In an earlier post (read here) , I wondered if ratings of retirement towns and cities would eventually include information about their culture and practices around late-life care. Our study of "retirement cities" and their palliative care practices, using data drawn from the Dartmouth Medical Atlas, reveals that a huge distance separate better performers from lesser performers.
One community recognized widely among desirable retirement towns is Asheville, North Carolina. Turns out that Asheville is among the better-performers in late-life care.Residents of the Asheville region are 20% less likely to die in a hospital than the state average, and 30% less likely during their final six months of life to spend time in an ICU. Asheville's overall results have earned an A grade in the DAI Community Palliative Performance Grading, placing it among exemplar communities.
Sarasota, Florida is another "retirement" community scoring high in the DAI Community Palliative Performance grading. We conclude, upon further analysis, that these exceptional results don't happen by accident. Rather, they are produced by design, including the presence of palliative medicine physician-champions and a large hospice with close relationships with the community's health care providers.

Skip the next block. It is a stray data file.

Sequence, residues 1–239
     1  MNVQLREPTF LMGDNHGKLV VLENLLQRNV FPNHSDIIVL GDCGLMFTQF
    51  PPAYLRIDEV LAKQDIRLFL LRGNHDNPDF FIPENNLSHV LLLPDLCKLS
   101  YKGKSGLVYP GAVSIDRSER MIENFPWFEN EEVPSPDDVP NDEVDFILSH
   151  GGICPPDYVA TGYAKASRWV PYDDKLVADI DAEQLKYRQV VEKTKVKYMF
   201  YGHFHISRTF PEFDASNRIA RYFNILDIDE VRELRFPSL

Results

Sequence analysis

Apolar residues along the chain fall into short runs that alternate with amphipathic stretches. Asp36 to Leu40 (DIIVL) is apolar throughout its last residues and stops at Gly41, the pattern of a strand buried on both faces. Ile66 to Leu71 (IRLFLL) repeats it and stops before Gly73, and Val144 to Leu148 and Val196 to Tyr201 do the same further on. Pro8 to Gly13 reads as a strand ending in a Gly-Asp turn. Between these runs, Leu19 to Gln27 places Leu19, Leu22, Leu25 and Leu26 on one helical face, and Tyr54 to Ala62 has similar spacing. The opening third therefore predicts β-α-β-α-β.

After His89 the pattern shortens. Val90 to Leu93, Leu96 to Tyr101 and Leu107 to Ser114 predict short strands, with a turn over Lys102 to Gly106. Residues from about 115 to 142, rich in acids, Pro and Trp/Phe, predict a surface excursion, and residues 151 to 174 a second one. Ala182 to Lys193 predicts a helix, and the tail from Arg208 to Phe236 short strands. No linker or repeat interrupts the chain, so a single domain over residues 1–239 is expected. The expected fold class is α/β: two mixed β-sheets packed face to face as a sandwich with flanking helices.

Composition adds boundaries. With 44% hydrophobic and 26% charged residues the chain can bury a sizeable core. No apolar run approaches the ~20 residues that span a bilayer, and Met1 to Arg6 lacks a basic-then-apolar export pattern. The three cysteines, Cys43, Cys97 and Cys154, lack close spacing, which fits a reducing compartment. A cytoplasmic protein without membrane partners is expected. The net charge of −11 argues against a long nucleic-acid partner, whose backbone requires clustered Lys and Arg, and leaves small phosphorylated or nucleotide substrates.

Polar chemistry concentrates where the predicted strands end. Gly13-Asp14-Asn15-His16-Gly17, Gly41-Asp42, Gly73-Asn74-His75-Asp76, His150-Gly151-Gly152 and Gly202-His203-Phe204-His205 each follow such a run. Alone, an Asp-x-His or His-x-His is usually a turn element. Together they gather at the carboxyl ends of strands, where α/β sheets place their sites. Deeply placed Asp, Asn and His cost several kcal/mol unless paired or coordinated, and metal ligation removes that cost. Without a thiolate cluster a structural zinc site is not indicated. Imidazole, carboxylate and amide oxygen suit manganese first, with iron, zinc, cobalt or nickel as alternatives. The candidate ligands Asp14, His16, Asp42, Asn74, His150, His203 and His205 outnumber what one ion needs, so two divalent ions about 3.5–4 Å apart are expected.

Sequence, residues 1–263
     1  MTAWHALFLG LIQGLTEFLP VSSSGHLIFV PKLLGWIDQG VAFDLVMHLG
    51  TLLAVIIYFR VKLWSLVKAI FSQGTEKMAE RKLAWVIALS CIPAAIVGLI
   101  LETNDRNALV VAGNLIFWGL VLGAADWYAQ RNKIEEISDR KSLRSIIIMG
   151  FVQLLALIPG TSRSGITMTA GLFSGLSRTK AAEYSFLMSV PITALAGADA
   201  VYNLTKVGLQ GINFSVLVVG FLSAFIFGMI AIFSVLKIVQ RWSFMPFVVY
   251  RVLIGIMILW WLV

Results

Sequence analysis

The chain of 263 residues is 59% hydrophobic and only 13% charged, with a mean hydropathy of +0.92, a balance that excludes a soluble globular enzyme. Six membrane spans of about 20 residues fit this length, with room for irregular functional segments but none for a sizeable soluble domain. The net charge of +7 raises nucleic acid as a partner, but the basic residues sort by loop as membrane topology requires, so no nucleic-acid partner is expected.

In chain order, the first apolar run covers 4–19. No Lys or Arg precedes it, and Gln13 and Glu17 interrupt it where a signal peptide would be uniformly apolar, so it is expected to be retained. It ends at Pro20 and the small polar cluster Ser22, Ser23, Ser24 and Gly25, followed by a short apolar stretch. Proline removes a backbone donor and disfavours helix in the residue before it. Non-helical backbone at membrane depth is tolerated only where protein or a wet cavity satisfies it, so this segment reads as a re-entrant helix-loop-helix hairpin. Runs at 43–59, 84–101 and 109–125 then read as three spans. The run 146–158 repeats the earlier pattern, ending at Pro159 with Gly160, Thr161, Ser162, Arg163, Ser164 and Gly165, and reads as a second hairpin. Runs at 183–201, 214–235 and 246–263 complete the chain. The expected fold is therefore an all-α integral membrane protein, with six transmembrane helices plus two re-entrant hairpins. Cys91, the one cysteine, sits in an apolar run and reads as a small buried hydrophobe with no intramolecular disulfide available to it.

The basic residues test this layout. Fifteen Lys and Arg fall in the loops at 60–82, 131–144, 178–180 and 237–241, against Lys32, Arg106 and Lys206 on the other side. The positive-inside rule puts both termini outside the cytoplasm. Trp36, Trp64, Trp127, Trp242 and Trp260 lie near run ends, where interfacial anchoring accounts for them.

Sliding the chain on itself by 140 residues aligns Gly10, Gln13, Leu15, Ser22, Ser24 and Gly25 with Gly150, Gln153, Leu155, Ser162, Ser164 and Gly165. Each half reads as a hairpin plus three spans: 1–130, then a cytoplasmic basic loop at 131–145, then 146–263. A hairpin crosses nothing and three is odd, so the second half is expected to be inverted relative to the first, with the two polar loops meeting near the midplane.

Making Friends with the Enemies of the People: an Interview with NY Times Reporter Paula Span - This week's GeriPal Podcast features NY Times journalist Paula Span about what we can do as educators, researchers, and as clinicians to collaborate with...
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